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BRIGHTON -- Archdiocese of Boston officials responded to the attorney general’s report on Caritas Christi Health Care, released March 6, by restating their commitment to strengthen its heath care system.
Attorney General Martha Coakley, whose office is responsible for the oversight of nonprofit hospitals through its Public Charities Division, said in a statement, “We appreciate the cooperation we received from Caritas management and the board of governors during this review process, and we hope that the resulting report is helpful to them as they continue their work to serve the community.”
The attorney general’s report which was the result of a review by Philadelphia health care management consulting firm Health Strategies & Solutions, Inc., “identifies four priority issues facing Caritas: the role, structure, and effectiveness of governance; the future of Caritas Carney Hospital, the role of Caritas St. Elizabeth’s Medical Center, and the operating performance of the Caritas Physician Network.”
Among the recommendations made in the report are that the archdiocese relinquish direct control of the Caritas Christi Health Care System; that behavioral and ambulatory health services be expanded at Carney Hospital; and that the system’s flagship St. Elizabeth’s Hospital should continue its realignment as a community teaching hospital.
In a joint letter also released March 6, Cardinal Seán P. O’Malley and James Karam, chair of the Caritas board, said Caritas has made “significant progress” toward continuing to provide quality Catholic health care long into the future. Changes have already been made to the system’s board, based on recommendations from the Governance Review Committee, established last October.
“It is our conviction that these changes strengthen our commitment to providing health care in the model of the healing ministry of Christ, with fidelity to the intellectual and moral dimensions of the Catholic tradition and the highest quality pastoral care,” they said.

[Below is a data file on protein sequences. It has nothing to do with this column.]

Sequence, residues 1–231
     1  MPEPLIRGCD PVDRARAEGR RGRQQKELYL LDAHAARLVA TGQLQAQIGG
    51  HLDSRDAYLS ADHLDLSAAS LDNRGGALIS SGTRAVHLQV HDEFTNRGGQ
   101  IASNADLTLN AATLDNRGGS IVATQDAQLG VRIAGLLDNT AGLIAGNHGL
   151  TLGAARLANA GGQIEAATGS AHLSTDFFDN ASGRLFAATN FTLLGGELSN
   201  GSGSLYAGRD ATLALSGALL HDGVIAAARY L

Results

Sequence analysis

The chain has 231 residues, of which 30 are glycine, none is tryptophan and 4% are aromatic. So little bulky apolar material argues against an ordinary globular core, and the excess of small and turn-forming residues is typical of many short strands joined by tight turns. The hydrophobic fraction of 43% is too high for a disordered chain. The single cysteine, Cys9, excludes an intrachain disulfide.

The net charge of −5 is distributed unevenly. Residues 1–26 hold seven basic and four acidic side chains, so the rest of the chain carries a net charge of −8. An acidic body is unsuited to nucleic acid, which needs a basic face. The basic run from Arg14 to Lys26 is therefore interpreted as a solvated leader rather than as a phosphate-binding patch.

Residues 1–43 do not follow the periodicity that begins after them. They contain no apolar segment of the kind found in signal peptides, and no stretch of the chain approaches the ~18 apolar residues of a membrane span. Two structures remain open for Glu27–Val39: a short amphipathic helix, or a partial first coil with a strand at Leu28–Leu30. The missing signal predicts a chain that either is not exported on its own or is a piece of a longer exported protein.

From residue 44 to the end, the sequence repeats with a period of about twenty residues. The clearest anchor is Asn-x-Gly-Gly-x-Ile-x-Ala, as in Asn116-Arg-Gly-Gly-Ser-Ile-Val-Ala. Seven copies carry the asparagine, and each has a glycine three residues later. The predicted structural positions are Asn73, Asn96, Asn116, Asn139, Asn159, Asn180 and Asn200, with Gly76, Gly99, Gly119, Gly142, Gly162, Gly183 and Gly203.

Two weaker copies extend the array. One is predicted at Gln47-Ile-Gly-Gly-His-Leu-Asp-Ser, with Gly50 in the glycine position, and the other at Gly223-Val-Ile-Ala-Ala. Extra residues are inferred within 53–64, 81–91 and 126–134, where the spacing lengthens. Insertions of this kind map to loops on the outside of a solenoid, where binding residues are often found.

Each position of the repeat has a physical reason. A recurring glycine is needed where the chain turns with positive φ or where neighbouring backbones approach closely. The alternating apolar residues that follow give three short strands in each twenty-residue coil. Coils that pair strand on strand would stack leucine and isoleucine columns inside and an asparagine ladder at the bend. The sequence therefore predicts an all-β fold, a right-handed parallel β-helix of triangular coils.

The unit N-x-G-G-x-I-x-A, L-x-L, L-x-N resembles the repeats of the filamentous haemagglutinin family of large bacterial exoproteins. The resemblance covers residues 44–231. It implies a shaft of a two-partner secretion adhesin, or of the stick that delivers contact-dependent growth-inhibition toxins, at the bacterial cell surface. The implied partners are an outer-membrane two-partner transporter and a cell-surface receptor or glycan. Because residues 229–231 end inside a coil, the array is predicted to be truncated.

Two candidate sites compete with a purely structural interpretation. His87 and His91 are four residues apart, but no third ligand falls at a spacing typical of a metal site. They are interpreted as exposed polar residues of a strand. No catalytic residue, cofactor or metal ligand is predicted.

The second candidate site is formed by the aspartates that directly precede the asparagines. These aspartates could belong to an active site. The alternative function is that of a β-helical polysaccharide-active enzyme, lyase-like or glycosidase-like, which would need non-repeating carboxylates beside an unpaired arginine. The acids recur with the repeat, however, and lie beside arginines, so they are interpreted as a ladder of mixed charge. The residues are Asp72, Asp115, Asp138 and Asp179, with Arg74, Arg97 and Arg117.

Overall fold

Caritas Christi Health Care, established in 1985, is the second largest health care system in New England. It is made up of six hospitals in Brighton, Brockton, Dorchester, Fall River, Methuen and Norwood.
As with other successful Catholic health care systems in the United States, Caritas now has an independent board and senior management that will be responsible for the systems’ business decisions, Cardinal O’Malley and Karam said.
The archdiocese will limit its involvement with Caritas to “matters pertaining to Catholic identity, mission and the implementation of the religious and ethical directives of the United States Conference of Catholic Bishops” and “any transaction that would involve the sale or transfer of the system,” they said.
The vicar general and chancellor of the archdiocese will no longer serve on the system’s board, but Father J. Bryan Hehir has been appointed as the archdiocesan liaison to Caritas and a member of the Caritas board. His previous post as secretary of social services has now been expanded to secretary of health and social services, they added.
Father Hehir told The Pilot that Coakley rightly recognized the need for a strong board and her advice corresponds with actions that have already been taken, including a strategic review of the system by Chicago-based firm Navigant Consulting.
The Archdiocese of Boston authorized the review in November 2006. Its goals were to develop strategies to provide the best possible health care, strengthen financial stability, respect those who provide health care and maintain fidelity to the moral tradition of Catholic health care.
The archdiocese appointed a Strategic Review Committee, which recommended affiliation with a major Catholic health care system, but efforts to do so were unsuccessful.
In November 2007, media reports questioned the financial health of the Caritas Christi system, prompting reaction from the attorney general’s office and the review that led to the March 6 report.
At the time, Dr. John Chessare, interim president of Caritas, stood by the vitality of the system, saying that the media generated a myth that the system is floundering.
Caritas completed its third profitable year Sept. 30, 2007, following six consecutive years of losses. The only hospital to finish in the red in the fiscal year ending Sept. 30 was Caritas Carney Hospital in Dorchester. Chessare attributed Carney’s performance to the fact that Carney serves a low-income population.
Father Hehir said the new governance model will ground the system in its Catholic identity and enhance the role of the board while retaining the cardinal’s role as the principal religious and moral teacher in the archdiocese.
The changes will also help Caritas face the challenges inherent to any health care system, he said.
“The attorney general makes the point that running health care is a complicated business,” he said. “We fully agree with that.”